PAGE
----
An analysis of adults between 18 and 55 years old who had an acute MI found that women were less likely overall to return to work compared with men following their illness.
However, after adjusting for patient sociodemographics, health status, psychosocial factors and other factors, the researchers said there was no statistically significant difference between women and men in their likelihood of returning to work.
Lead researcher Rachel P. Dreyer, PhD, of the Center for Outcomes Research and Evaluation at Yale-New Haven Hospital in New Haven, Conn., and colleagues published their results online in Circulation: Cardiovascular Quality and Outcomes on Feb. 23.
They examined data from 1,680 patients who participated in the VIRGO (Variation in Recovery: Role of Gender on Outcomes of Young AMI Patients) study and worked at least 35 hours per week before having an acute MI. Patients enrolled in the study between August 2008 and January 2012 at 103 U.S. hospitals, 24 Spanish hospitals and three Australian hospitals.
The researchers obtained patients’ baseline characteristics from their medical charts and conducted interviews when they were admitted to the hospital and 12 months after their acute MI.
The analysis included 962 women and 719 men. Women were more likely to be black, to be unmarried, to have more than a high school education and to have had fewer and/or no children living in the household compared with men. Women also worked fewer hours per week and were more likely to work in professional or clerical roles.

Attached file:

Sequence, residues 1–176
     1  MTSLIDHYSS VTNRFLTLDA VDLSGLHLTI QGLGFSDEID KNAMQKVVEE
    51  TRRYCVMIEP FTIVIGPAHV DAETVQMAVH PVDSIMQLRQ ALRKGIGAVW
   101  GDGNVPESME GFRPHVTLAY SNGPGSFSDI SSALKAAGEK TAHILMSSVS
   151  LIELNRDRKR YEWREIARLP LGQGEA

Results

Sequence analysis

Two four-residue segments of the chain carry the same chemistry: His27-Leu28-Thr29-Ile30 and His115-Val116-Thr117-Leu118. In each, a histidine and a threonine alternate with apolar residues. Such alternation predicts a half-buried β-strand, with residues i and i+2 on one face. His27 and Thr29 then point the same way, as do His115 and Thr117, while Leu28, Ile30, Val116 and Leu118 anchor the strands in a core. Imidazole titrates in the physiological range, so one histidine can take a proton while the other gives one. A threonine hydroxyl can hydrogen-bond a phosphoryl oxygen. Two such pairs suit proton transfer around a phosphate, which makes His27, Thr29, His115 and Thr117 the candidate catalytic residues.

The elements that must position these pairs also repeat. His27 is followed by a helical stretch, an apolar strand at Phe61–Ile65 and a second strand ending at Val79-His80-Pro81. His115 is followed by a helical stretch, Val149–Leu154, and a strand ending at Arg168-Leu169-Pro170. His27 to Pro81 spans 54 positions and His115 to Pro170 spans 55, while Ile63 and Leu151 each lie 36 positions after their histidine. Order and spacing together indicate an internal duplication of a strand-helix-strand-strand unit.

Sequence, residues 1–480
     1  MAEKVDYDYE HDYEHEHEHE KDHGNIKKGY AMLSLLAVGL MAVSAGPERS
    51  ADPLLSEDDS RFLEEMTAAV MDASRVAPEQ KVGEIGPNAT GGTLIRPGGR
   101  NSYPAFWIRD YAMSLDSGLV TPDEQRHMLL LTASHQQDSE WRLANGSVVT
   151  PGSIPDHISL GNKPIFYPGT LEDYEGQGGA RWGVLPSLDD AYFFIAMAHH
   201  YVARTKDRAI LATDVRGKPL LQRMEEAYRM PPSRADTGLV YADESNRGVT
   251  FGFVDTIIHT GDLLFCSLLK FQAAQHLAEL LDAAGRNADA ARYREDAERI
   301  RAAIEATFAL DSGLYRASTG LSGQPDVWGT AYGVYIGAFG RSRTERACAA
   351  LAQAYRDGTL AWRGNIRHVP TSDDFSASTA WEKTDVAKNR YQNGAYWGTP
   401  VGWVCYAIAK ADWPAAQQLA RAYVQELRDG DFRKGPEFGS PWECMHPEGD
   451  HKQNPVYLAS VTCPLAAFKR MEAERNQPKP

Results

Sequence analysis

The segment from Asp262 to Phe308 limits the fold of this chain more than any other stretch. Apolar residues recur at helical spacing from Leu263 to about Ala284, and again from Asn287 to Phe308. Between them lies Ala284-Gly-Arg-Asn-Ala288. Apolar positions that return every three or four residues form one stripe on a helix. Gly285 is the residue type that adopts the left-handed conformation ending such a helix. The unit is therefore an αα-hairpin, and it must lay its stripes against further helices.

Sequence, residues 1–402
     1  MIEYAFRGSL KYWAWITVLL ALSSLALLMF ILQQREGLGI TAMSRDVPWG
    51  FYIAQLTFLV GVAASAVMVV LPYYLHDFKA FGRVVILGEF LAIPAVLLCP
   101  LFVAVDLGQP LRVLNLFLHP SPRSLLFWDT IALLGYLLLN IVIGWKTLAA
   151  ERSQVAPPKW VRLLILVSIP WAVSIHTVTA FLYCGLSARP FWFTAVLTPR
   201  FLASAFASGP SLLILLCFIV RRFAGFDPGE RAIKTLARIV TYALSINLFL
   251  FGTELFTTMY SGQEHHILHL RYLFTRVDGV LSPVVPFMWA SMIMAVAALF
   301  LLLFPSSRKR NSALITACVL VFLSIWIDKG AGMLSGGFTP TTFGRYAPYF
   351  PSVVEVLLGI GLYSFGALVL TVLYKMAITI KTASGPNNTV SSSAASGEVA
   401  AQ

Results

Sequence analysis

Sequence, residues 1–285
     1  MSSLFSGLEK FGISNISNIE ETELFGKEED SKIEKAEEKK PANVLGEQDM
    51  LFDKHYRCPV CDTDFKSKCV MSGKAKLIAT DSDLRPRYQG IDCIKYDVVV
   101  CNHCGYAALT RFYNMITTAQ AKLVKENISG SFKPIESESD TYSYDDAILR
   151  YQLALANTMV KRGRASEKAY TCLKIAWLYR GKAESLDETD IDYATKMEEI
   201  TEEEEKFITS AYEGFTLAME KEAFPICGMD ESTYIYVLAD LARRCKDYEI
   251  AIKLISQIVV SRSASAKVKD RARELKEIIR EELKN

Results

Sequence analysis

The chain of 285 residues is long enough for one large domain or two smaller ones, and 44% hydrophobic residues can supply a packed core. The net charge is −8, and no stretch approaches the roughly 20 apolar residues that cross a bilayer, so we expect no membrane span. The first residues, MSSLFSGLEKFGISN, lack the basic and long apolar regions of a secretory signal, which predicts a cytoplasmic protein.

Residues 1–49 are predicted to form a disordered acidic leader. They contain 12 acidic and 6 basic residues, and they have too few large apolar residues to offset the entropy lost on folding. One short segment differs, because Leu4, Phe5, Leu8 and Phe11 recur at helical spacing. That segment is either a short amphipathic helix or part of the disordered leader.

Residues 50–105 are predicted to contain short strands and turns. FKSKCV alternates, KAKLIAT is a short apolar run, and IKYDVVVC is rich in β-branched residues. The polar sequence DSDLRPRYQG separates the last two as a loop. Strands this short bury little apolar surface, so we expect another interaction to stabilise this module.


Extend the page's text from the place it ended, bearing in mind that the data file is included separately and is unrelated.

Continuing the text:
At 12 months, 85 percent of women and 89 percent of men returned to work. The reasons they did not return to work were similar. The researchers mentioned 6 percent of women and 3 percent of men preferred not to work, 32 percent of women and 33 percent of men were fired and/or lost their job and the remainder were no longer able to work.
A multivariable logistic regression analysis found several factors were associated with increased rates of returning to work at 12 months, including being married, engaging in professional or clerical work compared with manual work, having more favorable physical health and having no prior coronary artery disease.
The researchers said that patients who work in manual or semi-skilled jobs may require support or training to return to work. They added that cardiac rehabilitation or home healthcare may help patients return to work.
They also cited a few limitations of the study, including that they did not have detailed information on psychosocial aspects of the work environment such as stress, social support, job satisfaction and motivation to resume work. In addition, they had missing data on return to work at 12 months and did not have information on why some patients said they were not able to work.